Hachette joins Macmillan in e-book pricing war
Authors caught in the crossfire wonder, "How long can this last?"
"We want the agency model" seems to be the message publishers are sending to Amazon as the e-book pricing war intensifies. All week the battle between Macmillan and Amazon as to how the e-tailing giant will price digital books has been raging. And now Hachette has joined the fray, with HarperCollins calling for negotiations as well.
That means that Amazon is now butting heads with three of the five biggest US publishers. It would seem that something's got to give – quickly.
Up until now, the Amazon model has been to sell many popular e-books at the subsidized price of $9.99. (The publisher is paid $15 and Amazon sells the high-profile books as loss leaders.) But publishers like Macmillan prefer the agency model proposed by Apple during the unveiling of its iPad last week. This would allow publishers to set their own prices, with a 30 percent commission going to the seller.
Early this week, Amazon announced that they would back down. But as negotiations between Amazon and Macmillan drag on, most Macmillan books are still not being sold by Amazon. And meanwhile some authors are wondering how many sales they will lose before a truce is declared.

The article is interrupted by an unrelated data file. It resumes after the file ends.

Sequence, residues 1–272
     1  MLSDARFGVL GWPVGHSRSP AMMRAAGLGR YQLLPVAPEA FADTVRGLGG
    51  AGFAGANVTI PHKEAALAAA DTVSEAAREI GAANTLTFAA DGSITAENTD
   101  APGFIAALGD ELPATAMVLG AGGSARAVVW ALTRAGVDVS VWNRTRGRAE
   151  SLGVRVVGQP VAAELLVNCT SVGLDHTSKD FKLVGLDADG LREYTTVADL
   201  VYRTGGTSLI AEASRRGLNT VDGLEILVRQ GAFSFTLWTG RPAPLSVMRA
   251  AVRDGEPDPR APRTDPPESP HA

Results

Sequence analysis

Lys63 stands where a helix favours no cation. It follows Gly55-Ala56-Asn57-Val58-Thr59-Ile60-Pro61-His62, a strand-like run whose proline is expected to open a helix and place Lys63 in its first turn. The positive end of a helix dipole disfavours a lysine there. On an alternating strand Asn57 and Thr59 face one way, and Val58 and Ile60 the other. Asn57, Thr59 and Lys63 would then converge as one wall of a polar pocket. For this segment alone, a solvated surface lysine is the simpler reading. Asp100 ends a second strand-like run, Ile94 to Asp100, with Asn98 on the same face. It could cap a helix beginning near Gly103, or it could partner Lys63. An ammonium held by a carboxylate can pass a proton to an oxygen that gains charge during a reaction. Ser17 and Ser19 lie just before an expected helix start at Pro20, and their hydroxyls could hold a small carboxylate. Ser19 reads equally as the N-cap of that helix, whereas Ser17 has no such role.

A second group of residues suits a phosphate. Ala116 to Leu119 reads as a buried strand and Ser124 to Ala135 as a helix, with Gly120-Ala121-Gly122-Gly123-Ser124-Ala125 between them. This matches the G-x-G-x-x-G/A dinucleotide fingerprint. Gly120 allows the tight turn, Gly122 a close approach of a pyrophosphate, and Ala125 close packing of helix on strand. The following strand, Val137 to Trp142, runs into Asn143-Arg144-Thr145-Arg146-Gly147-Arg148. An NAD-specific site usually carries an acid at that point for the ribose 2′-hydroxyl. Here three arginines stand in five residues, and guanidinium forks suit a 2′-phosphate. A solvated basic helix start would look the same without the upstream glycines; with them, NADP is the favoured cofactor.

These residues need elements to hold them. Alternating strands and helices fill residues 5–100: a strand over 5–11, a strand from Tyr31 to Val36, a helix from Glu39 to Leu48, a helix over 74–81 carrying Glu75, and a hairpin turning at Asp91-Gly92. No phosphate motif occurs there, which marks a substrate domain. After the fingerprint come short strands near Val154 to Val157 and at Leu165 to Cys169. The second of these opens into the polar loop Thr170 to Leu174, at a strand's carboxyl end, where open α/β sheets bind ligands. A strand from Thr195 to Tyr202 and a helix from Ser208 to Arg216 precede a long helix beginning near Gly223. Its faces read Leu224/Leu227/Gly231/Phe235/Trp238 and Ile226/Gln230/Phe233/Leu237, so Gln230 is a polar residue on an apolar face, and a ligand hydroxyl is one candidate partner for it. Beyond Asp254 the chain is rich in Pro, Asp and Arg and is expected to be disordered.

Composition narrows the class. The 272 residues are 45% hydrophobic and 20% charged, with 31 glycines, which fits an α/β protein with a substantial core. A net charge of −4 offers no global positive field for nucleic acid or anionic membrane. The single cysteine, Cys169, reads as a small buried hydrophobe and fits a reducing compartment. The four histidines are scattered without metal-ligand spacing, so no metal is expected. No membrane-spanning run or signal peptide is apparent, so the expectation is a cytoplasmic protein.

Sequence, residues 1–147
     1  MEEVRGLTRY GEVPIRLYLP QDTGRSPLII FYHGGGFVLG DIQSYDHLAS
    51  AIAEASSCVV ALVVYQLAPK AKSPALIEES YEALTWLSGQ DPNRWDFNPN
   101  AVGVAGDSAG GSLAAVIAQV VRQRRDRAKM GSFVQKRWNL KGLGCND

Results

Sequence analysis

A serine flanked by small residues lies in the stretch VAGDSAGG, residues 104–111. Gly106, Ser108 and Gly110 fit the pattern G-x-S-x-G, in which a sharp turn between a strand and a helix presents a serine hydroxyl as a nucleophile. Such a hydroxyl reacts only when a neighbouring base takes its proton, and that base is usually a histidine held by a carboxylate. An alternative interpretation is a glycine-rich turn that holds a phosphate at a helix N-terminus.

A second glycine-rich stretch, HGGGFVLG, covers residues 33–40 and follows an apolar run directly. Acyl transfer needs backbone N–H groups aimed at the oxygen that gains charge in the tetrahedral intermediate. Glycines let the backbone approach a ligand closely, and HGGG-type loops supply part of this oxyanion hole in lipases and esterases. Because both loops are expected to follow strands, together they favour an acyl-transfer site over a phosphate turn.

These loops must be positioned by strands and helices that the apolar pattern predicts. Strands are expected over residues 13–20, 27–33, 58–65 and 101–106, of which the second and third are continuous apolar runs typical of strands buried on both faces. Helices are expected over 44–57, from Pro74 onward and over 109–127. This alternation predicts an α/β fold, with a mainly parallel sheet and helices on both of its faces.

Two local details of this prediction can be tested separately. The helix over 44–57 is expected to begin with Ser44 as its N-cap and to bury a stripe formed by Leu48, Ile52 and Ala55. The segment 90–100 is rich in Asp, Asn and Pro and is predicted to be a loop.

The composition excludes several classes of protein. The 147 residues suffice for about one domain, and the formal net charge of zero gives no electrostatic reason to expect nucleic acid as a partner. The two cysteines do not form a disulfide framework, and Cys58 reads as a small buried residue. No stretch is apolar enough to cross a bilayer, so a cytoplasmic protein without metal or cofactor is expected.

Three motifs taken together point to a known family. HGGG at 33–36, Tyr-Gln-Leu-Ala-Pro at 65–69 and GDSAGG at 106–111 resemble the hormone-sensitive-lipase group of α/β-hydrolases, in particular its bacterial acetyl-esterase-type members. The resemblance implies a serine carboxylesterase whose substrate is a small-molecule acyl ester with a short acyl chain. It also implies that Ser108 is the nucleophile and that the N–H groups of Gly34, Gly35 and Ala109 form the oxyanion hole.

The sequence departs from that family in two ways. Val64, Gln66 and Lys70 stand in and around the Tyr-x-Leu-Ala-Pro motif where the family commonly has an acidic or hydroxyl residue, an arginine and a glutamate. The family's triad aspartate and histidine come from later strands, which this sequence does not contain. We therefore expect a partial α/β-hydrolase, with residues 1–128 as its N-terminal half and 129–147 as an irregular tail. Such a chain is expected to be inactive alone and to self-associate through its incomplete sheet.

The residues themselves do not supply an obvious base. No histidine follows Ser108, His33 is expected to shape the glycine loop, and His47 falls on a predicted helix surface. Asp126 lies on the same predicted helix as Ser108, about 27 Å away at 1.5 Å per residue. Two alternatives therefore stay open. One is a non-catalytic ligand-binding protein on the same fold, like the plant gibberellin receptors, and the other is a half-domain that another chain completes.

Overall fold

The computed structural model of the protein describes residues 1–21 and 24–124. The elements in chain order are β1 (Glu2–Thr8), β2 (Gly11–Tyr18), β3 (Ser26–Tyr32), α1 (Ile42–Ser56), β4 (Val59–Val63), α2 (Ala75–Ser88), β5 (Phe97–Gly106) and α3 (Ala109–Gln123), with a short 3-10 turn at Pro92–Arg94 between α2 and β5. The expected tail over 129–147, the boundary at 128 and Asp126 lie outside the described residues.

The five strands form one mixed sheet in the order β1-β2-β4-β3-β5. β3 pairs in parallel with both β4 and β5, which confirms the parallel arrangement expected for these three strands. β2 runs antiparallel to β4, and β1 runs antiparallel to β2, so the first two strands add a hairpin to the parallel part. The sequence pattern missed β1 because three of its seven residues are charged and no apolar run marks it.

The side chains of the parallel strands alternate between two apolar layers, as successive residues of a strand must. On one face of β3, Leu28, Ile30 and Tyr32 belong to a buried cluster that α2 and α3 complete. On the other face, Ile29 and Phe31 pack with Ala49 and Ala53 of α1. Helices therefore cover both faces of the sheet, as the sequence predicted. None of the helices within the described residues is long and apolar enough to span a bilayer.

"It’s scary," writes debut author Randy Susan Meyers in a blog post titled "Nightmare on Amazon Street." Her novel "The Murderer's Daughters" was published by St. Martin's Press (a Macmillan imprint) on Jan. 19. It's due for a big review any day now. But what happens if the review comes out and all those potential readers/buyers log on to Amazon only to discover that they can't get the book? Do they try Barnes & Noble? Do they check out their neighborhood bookstore?
Or do they forget and move on to something else?
According to Meyers, having your new book abandoned by Amazon is about like "having [your baby] thrown out of one of the major daycare facilities in the nation."
So what is she doing? Apart from sobbing, Meyers says she spends her time monitoring the situation in cyberspace. "I’ve been reading the tweets pinging back and forth in the virtual world, along with the few articles that have surfaced so far. There are pro-Amazon factions. There are pro-Macmillan factions. Pro-reader. Pro-consumer. Pro-frugalistas."
But, she wonders, how about the writers who simply want to see their books selling? "The helpless writers have no weapons (except words)," she points out, "despite having quite a dog in this fight."
Marjorie Kehe is the Monitor's book editor.
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